Recollections / September 25, 2019
Occasionally an artifact pops up that is such a perfect exemplar of the tropes we associate with a given historical period that it’s hard to believe it is real and not a bit of uncanny simulation designed to fuck with your brain. We’ve spoken about the phenomenon before, and Sounds Good is yet another such curio, its very existence demonstrating conclusively—through its awkward merging of the vivid colors of modernity and the beige drabness of real life—the absolute pointlessness of attempting to parody the received aesthetic of 1980s UK TV. Pointless because nothing parodies the received aesthetic of the 1980s as accurately as footage of the 1980s themselves.
Each of the local franchises that made up ITV—Britain’s commercial Independent Television network, founded in 1955 as privately bankrolled antagonist to the alleged institutional monopoly of the license-fee-funded BBC—had their own profoundly regional personality. Timetables were similar across the country, but would diverge at various times of the day to allow for local programming. It was at these junctures that the franchises’ true natures would reveal themselves. Produced by Yorkshire television, the regional franchise broadcasting to the country’s largest county and responsible for such adored absurdities of children’s programming as Animal Kwackers and The Book Tower, Sounds Good focuses on young people involved in music and dance and throws up an eclectic cocktail of high culture juxtaposed with provincial modernism.
After being welcomed with the queasy parps of the title music and some rudimentary video-synthery, we meet the presenters. Carol Vorderman was already a UK celebrity thanks to her role as co-host, with Richard Whitely, of vocabulary quiz show Countdown, the first program to be shown on Britain’s nascent Channel 4 in 1982; she is partnered here with Roger Greenwood, a well-known Yorkshire TV figure (seen here on Yorkshire TV’s 1976 “Lifestyle” program as he runs the county’s iconic 22-mile Three Peaks Race) and walking epitome of a certain type of bluff Northern charm, whose love of double-entendre comes to the fore with questions like, “What age were you when you started fiddling?” Behind them, the show’s cheerfully low-rent set design takes up popular modes of the day like the Memphis group’s geometries and Julio Le Parc’s bands of color to create an environment so potently “’80s regional TV” that it threatens to physically transport the viewer of today inside itself, like some pre-teatime Lament Configuration.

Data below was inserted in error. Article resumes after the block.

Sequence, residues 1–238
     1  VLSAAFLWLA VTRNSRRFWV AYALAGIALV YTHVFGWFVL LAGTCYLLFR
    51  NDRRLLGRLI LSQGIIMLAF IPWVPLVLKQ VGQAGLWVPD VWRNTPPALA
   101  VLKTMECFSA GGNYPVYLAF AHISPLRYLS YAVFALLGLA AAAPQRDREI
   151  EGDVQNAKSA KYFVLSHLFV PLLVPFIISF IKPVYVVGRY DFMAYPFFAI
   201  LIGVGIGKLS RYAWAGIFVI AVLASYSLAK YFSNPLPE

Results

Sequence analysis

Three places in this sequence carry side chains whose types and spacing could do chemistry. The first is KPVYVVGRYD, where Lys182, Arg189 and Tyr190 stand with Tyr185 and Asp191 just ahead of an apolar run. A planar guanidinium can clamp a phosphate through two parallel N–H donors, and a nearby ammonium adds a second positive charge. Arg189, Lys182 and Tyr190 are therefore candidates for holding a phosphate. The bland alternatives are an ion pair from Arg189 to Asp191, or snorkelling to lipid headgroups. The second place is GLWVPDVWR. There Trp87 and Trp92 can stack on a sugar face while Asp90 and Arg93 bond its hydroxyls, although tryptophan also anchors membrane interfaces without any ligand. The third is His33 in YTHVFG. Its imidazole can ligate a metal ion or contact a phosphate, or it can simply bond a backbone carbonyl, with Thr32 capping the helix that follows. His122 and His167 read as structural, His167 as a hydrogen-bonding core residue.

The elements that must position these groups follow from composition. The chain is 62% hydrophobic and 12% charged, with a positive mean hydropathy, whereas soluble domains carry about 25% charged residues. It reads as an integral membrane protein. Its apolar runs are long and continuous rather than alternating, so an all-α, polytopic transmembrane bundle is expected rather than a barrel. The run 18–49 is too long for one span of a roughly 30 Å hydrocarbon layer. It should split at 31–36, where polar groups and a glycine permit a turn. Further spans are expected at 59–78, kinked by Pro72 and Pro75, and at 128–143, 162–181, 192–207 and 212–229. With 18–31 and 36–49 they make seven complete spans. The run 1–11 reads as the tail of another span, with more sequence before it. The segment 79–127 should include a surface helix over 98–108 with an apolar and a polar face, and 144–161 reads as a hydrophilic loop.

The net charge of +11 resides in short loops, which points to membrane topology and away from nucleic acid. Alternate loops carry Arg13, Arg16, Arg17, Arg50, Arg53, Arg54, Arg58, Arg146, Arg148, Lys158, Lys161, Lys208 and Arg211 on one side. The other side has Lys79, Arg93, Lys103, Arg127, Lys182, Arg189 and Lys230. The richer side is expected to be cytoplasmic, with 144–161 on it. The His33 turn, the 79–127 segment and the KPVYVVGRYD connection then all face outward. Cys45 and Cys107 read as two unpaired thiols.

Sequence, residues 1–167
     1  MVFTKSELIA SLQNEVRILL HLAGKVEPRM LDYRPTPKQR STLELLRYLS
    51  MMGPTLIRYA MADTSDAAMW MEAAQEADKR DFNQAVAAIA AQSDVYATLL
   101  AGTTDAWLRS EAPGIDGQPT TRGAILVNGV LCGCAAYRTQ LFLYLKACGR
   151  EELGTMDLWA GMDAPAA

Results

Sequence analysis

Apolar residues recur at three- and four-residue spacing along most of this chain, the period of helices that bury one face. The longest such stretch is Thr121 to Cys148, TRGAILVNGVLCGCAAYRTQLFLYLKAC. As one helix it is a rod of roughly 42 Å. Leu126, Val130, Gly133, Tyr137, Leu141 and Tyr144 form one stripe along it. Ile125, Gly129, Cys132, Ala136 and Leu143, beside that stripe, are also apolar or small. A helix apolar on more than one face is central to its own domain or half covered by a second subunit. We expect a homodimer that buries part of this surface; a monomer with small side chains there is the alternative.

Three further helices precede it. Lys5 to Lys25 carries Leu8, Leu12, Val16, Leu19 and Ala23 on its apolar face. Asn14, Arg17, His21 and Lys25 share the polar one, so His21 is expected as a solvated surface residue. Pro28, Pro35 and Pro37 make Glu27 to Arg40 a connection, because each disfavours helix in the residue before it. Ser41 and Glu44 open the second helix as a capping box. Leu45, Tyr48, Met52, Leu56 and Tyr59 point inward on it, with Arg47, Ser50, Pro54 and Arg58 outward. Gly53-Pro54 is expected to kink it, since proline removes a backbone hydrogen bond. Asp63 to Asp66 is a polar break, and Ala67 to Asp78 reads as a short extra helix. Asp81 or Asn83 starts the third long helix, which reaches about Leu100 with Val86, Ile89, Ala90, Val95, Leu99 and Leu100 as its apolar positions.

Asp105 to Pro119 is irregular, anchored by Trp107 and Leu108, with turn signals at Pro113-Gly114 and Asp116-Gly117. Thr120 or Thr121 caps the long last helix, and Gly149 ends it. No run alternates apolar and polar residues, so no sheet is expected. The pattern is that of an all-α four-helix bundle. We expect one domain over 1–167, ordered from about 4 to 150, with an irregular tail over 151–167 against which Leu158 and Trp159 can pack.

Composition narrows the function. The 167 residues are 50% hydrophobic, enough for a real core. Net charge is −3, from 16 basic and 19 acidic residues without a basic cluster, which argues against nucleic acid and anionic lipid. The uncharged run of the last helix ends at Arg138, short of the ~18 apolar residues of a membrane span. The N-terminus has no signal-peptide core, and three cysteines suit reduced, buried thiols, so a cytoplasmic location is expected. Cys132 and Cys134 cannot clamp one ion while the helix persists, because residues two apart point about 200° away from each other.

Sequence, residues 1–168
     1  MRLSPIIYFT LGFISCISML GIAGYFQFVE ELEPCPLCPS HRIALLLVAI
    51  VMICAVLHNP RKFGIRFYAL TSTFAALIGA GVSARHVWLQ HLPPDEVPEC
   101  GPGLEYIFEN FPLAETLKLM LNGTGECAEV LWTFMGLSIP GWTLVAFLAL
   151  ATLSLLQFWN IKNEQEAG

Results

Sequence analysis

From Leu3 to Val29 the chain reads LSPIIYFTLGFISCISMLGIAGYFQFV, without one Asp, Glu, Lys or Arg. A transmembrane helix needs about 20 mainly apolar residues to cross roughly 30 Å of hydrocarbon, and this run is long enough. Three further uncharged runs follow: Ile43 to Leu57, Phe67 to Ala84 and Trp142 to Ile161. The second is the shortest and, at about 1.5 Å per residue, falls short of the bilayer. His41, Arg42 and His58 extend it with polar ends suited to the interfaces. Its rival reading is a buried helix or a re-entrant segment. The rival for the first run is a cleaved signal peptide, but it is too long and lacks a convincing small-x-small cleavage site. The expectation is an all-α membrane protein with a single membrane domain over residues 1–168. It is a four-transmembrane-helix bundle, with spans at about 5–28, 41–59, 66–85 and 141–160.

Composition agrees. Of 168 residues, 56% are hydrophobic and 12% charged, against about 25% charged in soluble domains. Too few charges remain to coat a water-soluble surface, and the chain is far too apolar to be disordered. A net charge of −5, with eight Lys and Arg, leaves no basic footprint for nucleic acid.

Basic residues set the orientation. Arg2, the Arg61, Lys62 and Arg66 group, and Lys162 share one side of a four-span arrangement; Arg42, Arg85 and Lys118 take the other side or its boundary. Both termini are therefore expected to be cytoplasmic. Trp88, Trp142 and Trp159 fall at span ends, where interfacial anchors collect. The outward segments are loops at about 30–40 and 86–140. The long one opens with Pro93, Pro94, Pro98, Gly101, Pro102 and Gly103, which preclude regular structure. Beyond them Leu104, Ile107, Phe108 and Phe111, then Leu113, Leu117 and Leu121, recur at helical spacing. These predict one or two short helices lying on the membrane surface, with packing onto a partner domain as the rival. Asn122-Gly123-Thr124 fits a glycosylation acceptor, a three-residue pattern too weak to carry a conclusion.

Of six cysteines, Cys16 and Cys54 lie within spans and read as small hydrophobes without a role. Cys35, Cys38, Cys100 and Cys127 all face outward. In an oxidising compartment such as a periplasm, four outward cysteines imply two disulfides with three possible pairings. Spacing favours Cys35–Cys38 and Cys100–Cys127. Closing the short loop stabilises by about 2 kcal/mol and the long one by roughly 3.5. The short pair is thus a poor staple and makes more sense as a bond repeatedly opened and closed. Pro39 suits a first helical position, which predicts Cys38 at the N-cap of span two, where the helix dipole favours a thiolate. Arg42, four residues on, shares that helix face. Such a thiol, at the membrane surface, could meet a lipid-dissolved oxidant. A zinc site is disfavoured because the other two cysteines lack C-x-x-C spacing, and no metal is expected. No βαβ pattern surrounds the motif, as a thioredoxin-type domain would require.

The first act we see is Hutton Youth Dance Theatre’s Grand Prix, with its “choreography of a crash” and futurist vignette of the “worries and fears of the mechanics.” Both eerie and absurd, Grand Prix inspires an incongruously Ballardian frisson as the mesmerized-looking dancers clad in their green overalls perform their incomprehensible DIY rite. Violinists David Greed and Alison Fletcher follow, but the obvious high point of the show is the breakdancing competition broadcast from the students union building of the Polytechnic in Sheffield, which Greenwood controversially claims is “the center of breaking.” Many British Cities have their own distinctive musical personalities—Liverpool with its Druidic psychedelia and Birmingham with its electrified folk shriek and grind, and, thanks in part to its immigrant communities, Sheffield has always enjoyed a reputation as a hotbed of forward-looking electronic music like The Human League, Cabaret Voltaire, Clock DVA, and British Electric Foundation/Heaven 17. While calling it the “center” of anything might be a bit of a stretch, it’s not quite as improbable as it sounds.
The competition is judged by local hero Herol Bomber Graham, an unfairly neglected genius of British boxing and a man who brought grace and humanity to a sport that personally speaking, and perhaps unfairly, I always struggle not to think of as thuggish. The other judges include members of Sheffield’s SMAC 19, one of the UK’s 1st generation breaking crews which had formed in 1982. Four years after this episode was broadcast, SMAC 19 member Winston Hazel would be one of the minds behind Forgemasters, the group whose seminal 1989 “Track With No Name“ was the first release on the nascent Warp Records, the electronic music label that would later be home to influential groups like Boards of Canada, Sheffield’s own Autechre, and Yorkshire duo LFO. More footage of the competition can be seen here. The program plays out with an instrumental number from the pupils of Birkby School Steel Band, who interact with Greenwood with equal amounts of amusement and bemusement.
As gauche and perhaps even ridiculous as Sounds Good might look to modern eyes, there is something lovely about this cheaply made gap-filler with its relatively inclusive, progressive, inspiring mix of music and movement that offers up provincial teenagers performing interpretative dance about car crashes as though it were something perfectly normal. Sounds Good elicits the same queasy mix of aversion and curiosity in me now that it would have done back then, yet for some weird reason, even as it teeters on the brink of plunging down to the center of the earth in a China Syndrome of naffness—or perhaps because of that—it still somehow communicates a sense of aliveness and possibility. The dreamy and seemingly unaffected manner of the participants makes for an especially striking contrast with the self-assured TV-ready schtick demanded of the public any time they should happen to encounter a camera nowadays. I don’t believe this necessarily means we’ve become less authentic as humans, but it does make you wonder if the grip of the spectacle on the collective psychic throat was slightly less tight back then. Or perhaps that’s just nostalgia too.